On the other hand, school buses here are quite the luxurious item. We had to travel squeezed tightly into these cramped, dirty (well, the ones I travelled on were always dirty) yellow school buses while European kids breeze along in their airy, spacious, top-of-the-line luxury coaches. I always want to ask them if they realize how lucky they are to be able to go to school in one of those, which always look clean, and there is room for them to put down their backpacks and stick out their feet.

* Most things, in general, are just generally a lot more tightly controlled here in Spain than they are in Canada. That is, I think, both good and bad. The good thing is that not just anyone can have access to things and people here the way they do in Canada. For example, if you are in a hospital and someone is trying to kill you, it would be very easy for them to pay you a visit in Canada. But here, who can enter into a hospital room to visit a patient is very restricted. When my mother-in-law was in the hospital she was only allowed to receive visitors for two hours a day, only one visitor at a time and no children were allowed to see her. I thought that was extraordinarily sad, the people she wanted most of all to see were her grandchildren. In Canada, on the other hand, a whole bunch of us including babies could pile into a patient’s room, much to the patient’s great joy and relief.

Because Canadians don’t have ID cards, that sometimes makes things harder in Canada and sometimes easier. It’s harder, when (in Canada) a person is very paranoid and won’t let you have something unless you can produce about thirty documents that prove that you are who you say you are. Since there really is no norm in Canada that states that you must identify yourself a certain way, in other places you don’t have to do anything to prove that you are who you say you are. It all seems to depend mostly on the establishment’s own personalized, rather haphazard policies.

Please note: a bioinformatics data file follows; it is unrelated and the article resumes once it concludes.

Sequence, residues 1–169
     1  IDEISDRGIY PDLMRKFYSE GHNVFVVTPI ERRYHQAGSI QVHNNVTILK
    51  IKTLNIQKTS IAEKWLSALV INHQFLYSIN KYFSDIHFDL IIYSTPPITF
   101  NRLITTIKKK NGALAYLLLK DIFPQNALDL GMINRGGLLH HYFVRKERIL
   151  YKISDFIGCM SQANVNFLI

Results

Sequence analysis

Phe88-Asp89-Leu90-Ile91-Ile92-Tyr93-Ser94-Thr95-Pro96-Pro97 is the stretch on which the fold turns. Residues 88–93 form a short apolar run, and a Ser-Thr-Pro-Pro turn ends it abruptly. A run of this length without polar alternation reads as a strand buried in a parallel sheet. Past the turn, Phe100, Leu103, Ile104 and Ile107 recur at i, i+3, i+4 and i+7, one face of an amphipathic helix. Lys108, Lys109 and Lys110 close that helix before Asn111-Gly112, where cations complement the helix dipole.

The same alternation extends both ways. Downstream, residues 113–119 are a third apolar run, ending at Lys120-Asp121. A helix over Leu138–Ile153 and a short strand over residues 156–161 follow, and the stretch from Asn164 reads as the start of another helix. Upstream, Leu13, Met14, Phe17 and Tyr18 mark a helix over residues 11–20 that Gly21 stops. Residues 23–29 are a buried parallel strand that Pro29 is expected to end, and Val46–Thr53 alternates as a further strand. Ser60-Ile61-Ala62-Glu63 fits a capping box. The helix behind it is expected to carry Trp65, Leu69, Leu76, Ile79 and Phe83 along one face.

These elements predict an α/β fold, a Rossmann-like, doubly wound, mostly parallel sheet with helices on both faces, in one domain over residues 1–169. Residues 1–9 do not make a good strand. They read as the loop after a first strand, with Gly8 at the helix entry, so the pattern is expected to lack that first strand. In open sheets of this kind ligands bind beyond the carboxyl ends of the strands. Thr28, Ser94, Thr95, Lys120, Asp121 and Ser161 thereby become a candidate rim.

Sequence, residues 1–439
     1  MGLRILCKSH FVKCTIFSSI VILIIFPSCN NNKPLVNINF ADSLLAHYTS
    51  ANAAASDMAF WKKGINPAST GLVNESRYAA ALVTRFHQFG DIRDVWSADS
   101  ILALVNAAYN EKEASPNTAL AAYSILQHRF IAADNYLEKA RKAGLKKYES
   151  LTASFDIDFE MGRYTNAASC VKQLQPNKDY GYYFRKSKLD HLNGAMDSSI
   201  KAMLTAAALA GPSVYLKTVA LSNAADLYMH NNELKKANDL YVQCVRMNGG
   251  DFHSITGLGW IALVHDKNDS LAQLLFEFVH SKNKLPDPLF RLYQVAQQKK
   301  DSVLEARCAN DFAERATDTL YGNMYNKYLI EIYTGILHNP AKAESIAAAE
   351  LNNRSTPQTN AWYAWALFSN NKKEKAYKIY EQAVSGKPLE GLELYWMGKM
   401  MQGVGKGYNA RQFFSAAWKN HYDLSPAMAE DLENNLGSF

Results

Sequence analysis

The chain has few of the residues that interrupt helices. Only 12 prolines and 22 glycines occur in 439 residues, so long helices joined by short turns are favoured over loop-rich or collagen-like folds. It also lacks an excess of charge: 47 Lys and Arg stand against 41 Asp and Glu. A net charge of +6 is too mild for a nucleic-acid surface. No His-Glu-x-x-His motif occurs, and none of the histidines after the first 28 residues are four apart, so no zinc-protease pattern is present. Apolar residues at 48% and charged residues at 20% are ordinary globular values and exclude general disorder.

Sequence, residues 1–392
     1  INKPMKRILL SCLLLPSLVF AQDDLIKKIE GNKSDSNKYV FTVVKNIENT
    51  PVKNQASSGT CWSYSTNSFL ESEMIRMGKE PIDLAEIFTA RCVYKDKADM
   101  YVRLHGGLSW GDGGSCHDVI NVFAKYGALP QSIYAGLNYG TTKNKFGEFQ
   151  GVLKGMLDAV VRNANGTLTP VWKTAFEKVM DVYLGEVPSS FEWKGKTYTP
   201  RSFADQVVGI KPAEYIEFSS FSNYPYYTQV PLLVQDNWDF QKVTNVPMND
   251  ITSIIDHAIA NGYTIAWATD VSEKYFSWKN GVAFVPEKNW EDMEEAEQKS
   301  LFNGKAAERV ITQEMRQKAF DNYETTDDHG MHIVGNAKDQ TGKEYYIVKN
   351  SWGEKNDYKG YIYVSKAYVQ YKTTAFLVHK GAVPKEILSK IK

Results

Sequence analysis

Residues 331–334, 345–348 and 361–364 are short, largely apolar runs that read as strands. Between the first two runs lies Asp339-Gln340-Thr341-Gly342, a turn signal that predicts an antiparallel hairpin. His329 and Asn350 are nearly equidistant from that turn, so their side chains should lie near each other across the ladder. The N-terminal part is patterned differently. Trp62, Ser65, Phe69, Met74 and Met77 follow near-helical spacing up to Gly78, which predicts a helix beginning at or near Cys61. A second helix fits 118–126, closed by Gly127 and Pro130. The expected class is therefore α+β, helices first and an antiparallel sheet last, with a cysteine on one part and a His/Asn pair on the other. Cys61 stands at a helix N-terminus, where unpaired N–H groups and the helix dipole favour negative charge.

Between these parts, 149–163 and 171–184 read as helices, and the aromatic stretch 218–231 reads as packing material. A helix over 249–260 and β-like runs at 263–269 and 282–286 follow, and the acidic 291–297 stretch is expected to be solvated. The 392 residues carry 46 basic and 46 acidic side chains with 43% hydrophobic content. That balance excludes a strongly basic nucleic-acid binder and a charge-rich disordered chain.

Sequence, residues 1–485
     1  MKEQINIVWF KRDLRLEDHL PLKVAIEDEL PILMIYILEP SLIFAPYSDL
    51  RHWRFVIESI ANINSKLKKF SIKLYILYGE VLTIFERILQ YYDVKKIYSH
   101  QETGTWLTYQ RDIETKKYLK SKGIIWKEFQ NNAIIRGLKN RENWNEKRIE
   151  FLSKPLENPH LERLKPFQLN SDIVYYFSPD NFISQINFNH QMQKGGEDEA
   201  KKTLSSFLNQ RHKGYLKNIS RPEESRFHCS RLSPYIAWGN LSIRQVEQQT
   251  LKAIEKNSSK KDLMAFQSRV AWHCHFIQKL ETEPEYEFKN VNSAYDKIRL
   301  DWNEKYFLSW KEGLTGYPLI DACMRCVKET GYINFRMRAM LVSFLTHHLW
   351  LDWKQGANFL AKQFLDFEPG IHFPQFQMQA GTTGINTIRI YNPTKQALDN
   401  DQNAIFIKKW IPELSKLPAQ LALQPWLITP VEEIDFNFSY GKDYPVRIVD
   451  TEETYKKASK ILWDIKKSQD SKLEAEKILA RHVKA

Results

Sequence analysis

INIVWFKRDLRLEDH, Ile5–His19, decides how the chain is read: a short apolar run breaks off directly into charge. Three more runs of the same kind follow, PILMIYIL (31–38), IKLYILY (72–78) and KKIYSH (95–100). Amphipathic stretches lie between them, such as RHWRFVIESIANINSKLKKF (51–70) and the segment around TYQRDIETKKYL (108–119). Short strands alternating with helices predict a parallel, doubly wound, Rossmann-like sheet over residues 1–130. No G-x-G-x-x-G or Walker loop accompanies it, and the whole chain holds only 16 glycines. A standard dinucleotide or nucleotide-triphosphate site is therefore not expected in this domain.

* Stores. Need I say it, it is a lot harder to buy anything in Spain, and generally a lot more expensive too. In Canada, we had all sorts of cheap-o shops where you could get things for a dollar or two (and I’m not referring to dollar stores). Drugstores sold make-up (and not exactly from China either) for a dollar or two. We had Zeller’s (which may not exist anymore) and Woolco (which I think has since been bought up by Walmart) where everything was cheap. Pyjamas for the kids were cheap. Shoes for the kids were cheap. Shampoo was cheap. Diapers were, perhaps, the only thing that wasn’t cheap there! You’ll never find something like that here in Spain!

* Convenience. Living in Spain is like about a hundred times more convenient than living in Canada! In a Canadian city, you might have a grand total of perhaps THREE or at the most FOUR large supermarkets in the entire area, usually located in distant suburbs and generally requiring the use of two urban buses in order to arrive at the location. In Canada, most cities are divided into residential neighbourhoods and commercial districts, which makes the term “shopping in your own neighbourhood” a bit irrelevant. I LOVE being able to just hop downstairs when I want some bread or milk, rather than have to hop onto two buses for some bread and milk. (Well, of course, since I went to the trouble of hopping onto two buses and riding for perhaps two hours, I would of course buy more than just bread and milk, but I hope you get the picture.)

* Employment (hehe, this subject had to come up, of course!). Quite frankly, getting a job is a lot easier in Canada than in Spain. Not because it’s richer or has a great, booming economy (which it doesn’t, like every country in the world, it’s in crisis). The reason is because employers here in Spain are just so **** demanding! You can’t even work in a f***g McDonald’s here without possessing at least three different types of professional certifications and presenting about thirty references.